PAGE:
Khulat Saqi, London
Having recently started at university, I reflected on how privileged I was to be able to have the freedom to study my chosen subject in a higher education institute. The right for women to study at a university in Britain was only granted after many years of protests by women, finally resulting in a change in legislation ensuring women a university education in 1877.
In today’s society the view of women in Islam is often misunderstood, with many western democracies still believing Muslim women are being repressed and deprived of their rights, especially in terms of education. In fact, since the advent of Islam, the importance of seeking an education for women was afforded to all Muslim women. The Holy Prophet (peace and blessings of Allah be on him) emphasised this when he said:
“It is the duty of every Muslim man and every Muslim woman to acquire knowledge.”
And to the extent to “seek knowledge even if you have to go to China,” and to “seek knowledge from the cradle to the grave.”
The Holy Qur’an also teaches us a short prayer, which says:
“O my Lord, increase me in knowledge.” (20:115)
Not only does this show that Islam supports women’s rights in education but women are actively encouraged to seek a good education. Furthermore, the Holy Prophet (peace and blessings of Allah be on him) encouraged his wives also to obtain knowledge, saying that “half the religion of Islam could be learned from his wife Hadhrat Ayesha (Allah be pleased with her)”. This clearly demonstrates the importance Islam lays on women’s education.
Like any new student starting university, I was unsure what to expect and anxious about making new friends and adapting to the new environment. I have noticed that a large part of university culture is centered around drinking but I haven’t felt that by not partaking in this, it has impacted my ability to make friends and experience other aspects of university life. I feel confident to dress how I choose to, including wearing a hijab without feeling this is inhibiting me in any way. In fact I feel empowered, whilst I may be covering myself, I am not covering my capabilities or character and it has never been a hindrance for me. I have been able to achieve and experience the same opportunities as other students, whilst preserving my dignity and demonstrating devotion to my faith.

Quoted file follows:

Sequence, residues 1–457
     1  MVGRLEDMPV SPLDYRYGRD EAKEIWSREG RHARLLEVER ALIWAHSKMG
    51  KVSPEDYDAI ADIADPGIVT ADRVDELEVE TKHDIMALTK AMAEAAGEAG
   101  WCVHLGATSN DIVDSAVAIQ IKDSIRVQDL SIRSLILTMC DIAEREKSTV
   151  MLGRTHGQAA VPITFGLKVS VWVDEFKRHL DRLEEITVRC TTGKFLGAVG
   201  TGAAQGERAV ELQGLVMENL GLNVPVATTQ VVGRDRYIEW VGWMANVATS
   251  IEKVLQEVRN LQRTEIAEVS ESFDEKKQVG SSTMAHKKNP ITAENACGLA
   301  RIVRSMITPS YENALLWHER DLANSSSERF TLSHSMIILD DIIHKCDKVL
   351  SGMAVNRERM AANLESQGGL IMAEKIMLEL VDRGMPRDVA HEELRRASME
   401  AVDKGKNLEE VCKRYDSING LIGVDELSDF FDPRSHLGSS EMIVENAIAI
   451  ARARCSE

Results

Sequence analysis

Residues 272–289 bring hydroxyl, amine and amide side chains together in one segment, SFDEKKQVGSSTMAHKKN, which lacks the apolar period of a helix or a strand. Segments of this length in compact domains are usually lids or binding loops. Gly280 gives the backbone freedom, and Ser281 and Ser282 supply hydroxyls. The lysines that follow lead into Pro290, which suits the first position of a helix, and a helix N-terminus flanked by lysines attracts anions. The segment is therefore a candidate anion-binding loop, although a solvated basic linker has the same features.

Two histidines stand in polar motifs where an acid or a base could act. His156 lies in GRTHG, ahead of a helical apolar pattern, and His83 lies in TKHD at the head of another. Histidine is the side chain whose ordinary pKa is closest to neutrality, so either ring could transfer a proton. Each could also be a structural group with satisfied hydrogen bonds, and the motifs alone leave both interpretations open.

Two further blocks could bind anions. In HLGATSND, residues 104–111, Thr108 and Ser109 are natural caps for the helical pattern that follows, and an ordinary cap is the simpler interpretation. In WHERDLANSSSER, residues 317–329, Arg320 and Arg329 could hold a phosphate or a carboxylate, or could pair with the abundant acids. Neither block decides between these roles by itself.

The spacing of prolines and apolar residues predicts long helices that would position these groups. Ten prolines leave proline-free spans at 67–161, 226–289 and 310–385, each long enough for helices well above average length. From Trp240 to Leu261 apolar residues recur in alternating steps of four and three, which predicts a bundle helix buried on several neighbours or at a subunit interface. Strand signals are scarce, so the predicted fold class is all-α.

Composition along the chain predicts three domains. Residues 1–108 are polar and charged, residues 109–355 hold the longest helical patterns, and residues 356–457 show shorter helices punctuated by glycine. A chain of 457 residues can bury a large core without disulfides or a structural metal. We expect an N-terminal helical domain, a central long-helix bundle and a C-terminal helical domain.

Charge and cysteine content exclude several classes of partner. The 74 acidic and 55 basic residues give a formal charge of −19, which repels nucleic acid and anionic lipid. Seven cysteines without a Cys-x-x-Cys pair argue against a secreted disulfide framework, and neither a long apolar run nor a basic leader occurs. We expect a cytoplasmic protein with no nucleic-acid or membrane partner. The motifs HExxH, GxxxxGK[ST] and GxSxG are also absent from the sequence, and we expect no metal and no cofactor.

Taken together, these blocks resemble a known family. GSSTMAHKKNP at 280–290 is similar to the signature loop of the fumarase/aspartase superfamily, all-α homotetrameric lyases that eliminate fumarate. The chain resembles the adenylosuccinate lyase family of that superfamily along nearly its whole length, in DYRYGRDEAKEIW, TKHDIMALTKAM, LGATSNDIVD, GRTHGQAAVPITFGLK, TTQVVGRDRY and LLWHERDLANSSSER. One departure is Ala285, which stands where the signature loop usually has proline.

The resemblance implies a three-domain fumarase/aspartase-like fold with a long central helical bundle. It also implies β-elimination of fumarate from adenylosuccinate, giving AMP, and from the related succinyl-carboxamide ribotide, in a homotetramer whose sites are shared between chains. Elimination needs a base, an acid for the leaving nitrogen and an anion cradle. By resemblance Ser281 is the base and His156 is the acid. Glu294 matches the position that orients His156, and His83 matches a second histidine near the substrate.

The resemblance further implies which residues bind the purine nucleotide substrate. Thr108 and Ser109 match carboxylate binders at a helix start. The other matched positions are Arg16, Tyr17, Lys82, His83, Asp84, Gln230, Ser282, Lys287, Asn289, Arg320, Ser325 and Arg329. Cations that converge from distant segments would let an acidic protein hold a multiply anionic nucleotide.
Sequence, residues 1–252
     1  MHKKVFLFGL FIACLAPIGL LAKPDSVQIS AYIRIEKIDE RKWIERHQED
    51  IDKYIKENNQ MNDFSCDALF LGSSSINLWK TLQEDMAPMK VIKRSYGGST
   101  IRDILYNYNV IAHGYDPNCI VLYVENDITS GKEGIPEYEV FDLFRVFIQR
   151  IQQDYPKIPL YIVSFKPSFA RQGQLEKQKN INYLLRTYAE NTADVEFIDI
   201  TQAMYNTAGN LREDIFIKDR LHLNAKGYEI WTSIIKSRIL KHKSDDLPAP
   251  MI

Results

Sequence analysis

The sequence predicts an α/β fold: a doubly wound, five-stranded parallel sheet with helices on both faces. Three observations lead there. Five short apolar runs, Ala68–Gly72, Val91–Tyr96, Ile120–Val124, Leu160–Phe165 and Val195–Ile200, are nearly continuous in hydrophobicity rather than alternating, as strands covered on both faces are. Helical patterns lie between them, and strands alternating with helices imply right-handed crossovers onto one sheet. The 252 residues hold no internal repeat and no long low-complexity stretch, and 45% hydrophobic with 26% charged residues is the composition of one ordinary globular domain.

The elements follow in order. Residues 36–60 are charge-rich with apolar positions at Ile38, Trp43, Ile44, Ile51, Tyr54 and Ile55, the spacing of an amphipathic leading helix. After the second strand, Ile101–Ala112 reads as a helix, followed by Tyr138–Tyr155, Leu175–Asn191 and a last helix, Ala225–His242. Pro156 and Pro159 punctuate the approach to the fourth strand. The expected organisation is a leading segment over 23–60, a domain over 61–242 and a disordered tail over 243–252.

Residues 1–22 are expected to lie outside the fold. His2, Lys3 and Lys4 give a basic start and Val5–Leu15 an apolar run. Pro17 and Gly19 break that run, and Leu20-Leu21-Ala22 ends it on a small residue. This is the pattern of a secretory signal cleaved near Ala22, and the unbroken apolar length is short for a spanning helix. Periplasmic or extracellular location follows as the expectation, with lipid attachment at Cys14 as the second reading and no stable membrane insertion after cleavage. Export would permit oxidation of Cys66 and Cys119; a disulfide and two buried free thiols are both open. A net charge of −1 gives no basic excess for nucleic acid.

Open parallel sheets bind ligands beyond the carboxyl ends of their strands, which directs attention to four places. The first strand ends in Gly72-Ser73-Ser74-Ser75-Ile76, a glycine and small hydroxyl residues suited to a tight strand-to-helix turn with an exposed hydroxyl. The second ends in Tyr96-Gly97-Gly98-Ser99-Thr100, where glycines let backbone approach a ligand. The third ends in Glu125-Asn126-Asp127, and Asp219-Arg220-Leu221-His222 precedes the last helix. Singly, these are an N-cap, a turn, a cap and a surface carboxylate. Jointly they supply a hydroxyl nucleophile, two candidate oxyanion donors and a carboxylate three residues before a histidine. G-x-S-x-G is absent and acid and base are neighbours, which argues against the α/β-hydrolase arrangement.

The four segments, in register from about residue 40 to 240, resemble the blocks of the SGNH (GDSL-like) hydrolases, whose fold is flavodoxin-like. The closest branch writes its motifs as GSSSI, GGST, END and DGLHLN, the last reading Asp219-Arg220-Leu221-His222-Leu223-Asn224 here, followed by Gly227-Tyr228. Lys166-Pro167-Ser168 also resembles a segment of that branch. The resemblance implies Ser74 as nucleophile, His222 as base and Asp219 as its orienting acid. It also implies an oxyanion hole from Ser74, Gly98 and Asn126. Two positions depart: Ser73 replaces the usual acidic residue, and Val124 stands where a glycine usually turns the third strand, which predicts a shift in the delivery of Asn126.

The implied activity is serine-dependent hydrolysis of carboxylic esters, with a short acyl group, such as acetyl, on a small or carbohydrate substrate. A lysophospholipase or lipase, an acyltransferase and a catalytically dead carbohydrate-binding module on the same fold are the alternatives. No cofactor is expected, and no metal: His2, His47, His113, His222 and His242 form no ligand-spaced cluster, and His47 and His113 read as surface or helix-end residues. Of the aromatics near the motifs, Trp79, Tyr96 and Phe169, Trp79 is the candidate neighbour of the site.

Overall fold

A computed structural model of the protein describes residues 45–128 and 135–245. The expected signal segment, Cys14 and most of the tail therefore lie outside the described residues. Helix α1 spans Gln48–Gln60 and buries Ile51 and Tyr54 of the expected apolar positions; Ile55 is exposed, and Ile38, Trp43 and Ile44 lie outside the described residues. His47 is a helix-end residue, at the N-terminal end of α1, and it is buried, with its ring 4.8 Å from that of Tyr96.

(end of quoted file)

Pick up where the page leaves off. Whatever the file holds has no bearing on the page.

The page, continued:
I feel fortunate to be studying in London, a metropolitan city, a hub of different cultures and faiths where I feel difference is not only accepted but also appreciated and even encouraged. At university, there is a diverse student population with diverse needs however I feel represented amongst the student body, for example there are separate faith prayer rooms and also the option of ‘girls only’ sports activities. I feel empowered to practice my faith whilst being an active member of the student community. As a Muslim I should not, and thankfully do not feel the need to compromise my values to fit into and be part of such a community.